Phuket Vegetarian Festival 2012

It’s been a bucket list goal of mine to attend this event for years now, and I can finally check it off! Nope, it’s not really as frou-frou as “celebrating vegetarianism,” although, that’s one of the 10 rules of the Festival.  What I went to Phuket for was the bizarro nutso-ness of the Festival’s early morning Street Processions and nighttime traditions to make even the most jaded traveler raise an eyebrow.

How can I describe my 4 days there?  Intense cultural experience, stunted breathing, ears ringing, breathebreathe!, confusion, adrenaline, batabatabataBOOM, stomach churning…That should give you an idea.  Honestly, half the time, it felt as if I were in a warzone, but one where the soldiers happily put themselves on the front line to be skewered with fire and swords.  It’s a far cry from the innocent sounding “Vegetarian Festival,” but it’s not all about the brouhaha.  The participants of this time-honored 10-day tradition are deeply devout and add a touch of softness through the practice of more silent, reserved daily rituals.  The 10 core Rules of the Festival are as follows:

10 RULES FOR THE VEGETARIAN FESTIVAL

1. Cleanliness of bodies during the festival
2. Clean kitchen utensils and to use them seperately from other who do not join the festival
3. Wear white during the festival
4. Behave physically and mentally
5. No meat eating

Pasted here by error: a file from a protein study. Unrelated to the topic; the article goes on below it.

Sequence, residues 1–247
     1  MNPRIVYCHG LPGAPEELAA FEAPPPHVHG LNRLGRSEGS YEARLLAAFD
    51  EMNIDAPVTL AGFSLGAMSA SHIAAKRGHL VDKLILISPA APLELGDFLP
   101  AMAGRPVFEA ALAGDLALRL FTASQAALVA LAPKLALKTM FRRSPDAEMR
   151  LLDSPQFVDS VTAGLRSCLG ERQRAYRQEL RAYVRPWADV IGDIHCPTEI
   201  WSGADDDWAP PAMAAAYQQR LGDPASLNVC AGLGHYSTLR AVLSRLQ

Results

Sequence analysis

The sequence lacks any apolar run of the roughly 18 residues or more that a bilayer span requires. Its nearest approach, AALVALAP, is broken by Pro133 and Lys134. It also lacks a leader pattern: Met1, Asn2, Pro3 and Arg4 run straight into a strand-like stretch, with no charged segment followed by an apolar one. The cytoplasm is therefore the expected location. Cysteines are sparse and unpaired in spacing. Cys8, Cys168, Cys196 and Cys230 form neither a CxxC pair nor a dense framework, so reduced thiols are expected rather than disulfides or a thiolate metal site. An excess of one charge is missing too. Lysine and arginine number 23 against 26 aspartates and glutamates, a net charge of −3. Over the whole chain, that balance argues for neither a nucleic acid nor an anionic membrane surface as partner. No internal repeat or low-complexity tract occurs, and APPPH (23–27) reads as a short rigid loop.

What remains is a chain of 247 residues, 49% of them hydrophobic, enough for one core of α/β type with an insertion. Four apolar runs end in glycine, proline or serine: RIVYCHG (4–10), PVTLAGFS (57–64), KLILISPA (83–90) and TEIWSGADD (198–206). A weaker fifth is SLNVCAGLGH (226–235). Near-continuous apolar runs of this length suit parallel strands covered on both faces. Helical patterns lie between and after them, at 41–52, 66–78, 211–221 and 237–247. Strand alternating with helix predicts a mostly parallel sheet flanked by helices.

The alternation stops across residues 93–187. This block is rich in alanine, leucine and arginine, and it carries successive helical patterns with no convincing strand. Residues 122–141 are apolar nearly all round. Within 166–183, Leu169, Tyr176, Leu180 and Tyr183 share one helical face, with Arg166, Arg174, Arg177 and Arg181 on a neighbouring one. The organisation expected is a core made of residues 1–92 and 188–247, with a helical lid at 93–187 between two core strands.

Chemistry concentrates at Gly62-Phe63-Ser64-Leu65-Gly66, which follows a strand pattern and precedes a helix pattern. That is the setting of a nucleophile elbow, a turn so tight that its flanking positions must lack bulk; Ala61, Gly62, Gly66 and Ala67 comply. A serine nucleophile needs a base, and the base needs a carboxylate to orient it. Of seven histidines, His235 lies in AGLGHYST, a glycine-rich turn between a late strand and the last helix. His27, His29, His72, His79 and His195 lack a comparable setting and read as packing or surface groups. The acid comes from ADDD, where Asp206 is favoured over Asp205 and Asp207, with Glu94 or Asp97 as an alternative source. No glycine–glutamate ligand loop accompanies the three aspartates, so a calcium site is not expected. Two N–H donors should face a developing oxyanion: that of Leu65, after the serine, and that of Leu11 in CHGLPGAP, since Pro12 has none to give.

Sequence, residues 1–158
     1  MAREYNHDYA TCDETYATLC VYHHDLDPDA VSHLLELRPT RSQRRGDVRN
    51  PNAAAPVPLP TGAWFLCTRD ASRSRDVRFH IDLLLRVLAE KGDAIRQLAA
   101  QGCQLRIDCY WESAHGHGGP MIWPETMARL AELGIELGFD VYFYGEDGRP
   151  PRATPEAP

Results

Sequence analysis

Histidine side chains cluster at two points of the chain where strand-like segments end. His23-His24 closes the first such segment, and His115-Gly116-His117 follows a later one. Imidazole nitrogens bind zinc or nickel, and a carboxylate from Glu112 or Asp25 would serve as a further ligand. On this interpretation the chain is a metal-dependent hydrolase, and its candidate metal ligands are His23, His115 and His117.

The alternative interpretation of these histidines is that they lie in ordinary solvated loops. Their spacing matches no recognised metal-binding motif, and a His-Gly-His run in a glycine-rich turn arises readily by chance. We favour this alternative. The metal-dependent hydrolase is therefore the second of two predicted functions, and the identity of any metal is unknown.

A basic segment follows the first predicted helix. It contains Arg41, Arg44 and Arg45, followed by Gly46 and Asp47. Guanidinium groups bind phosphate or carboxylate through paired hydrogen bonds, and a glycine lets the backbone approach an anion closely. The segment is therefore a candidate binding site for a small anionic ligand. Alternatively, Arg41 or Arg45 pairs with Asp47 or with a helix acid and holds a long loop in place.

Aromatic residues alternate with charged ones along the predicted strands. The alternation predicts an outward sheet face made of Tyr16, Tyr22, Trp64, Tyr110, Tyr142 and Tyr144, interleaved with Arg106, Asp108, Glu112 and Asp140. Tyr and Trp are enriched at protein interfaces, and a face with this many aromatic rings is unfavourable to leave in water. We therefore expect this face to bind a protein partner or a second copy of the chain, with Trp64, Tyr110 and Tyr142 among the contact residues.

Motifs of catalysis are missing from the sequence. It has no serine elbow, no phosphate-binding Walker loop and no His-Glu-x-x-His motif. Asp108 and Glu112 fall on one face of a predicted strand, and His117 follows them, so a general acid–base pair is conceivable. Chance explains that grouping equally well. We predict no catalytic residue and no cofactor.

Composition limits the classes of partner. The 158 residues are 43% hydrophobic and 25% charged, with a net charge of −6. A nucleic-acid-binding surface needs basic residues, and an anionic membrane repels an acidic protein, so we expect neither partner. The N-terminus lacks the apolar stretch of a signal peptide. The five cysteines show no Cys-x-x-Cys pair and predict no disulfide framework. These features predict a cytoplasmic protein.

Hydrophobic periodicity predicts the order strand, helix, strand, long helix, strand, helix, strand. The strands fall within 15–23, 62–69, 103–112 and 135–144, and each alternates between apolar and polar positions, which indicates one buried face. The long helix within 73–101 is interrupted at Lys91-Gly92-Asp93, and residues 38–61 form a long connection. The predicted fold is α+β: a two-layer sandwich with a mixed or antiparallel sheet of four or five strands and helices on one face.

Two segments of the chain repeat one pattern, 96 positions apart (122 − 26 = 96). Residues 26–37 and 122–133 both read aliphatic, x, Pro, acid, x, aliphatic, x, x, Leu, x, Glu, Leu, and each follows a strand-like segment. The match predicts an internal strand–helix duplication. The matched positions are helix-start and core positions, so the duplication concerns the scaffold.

6. No sex
7. No alcoholic drinks
8. People at mourning period should not attend the festival
9. Pregnant ladies should not watch any ritual
10. Ladies with period should not attend the ritual

phuketvegetarian.com

While I’ll refrain from criticizing the ignorance of the women’s plight ingrained in the perennial beliefs of the event, I’ll start by saying it’s a festival of purification at heart. The time-honoured traditions of prayer, candlelit vigils, incense burning, forgiveness,  and sin purging are all very apparent throughout the week, though often sidelined by the photographers and tourists who’d rather only attend the so-called “barbaric” processions of sacrifice and celebration.  (Not that that is not the most exciting part!) To have a better perspective on what this event is all about, I highly recommend you stray from the tourist crowd and hit up some of the lesser known temples or those hosting low-key ceremonies.  I’ll huu phak (shut up) now, so we can get to the good stuff – the pictures!  –>


That’s a lot of metal.

any extra coconuts? it’s hot out here.

Oh! Yup, that’s blood. wipeywipe.

As long as they’re not loaded.

Don’t touch me.

It counts. And perfect for the daily showers. What a thinker!

oop, back to the metal. and more blood.


About redmudstain

An American Expat in Chiang Mai, Thailand ​ Not willing to settle down just yet - I'm only in my mid-twenties after all - I took a leap across the big big pond and fell onto Thai soil. Well, it was a little less spontaneous than that... ​ After a grueling application process, Princeton in Asia bestowed upon me a one-year fellowship with The Life Skills Development Foundation in Chiang Mai. A renowned child rights non-profit foundation in Northern Thailand, TLSDF is giving me the opportunity to research critical social issues, travel across field sites in the nation's upper regions, converse with the international human rights community and of course, learn Thai! ​ This is my life - the beauty, struggle, culture shock and adventure - in the charming city of Chiang Mai. Blog: https://redmudstain.wordpress.com/ UPDATE: Chiang Mai got me for 2 years!

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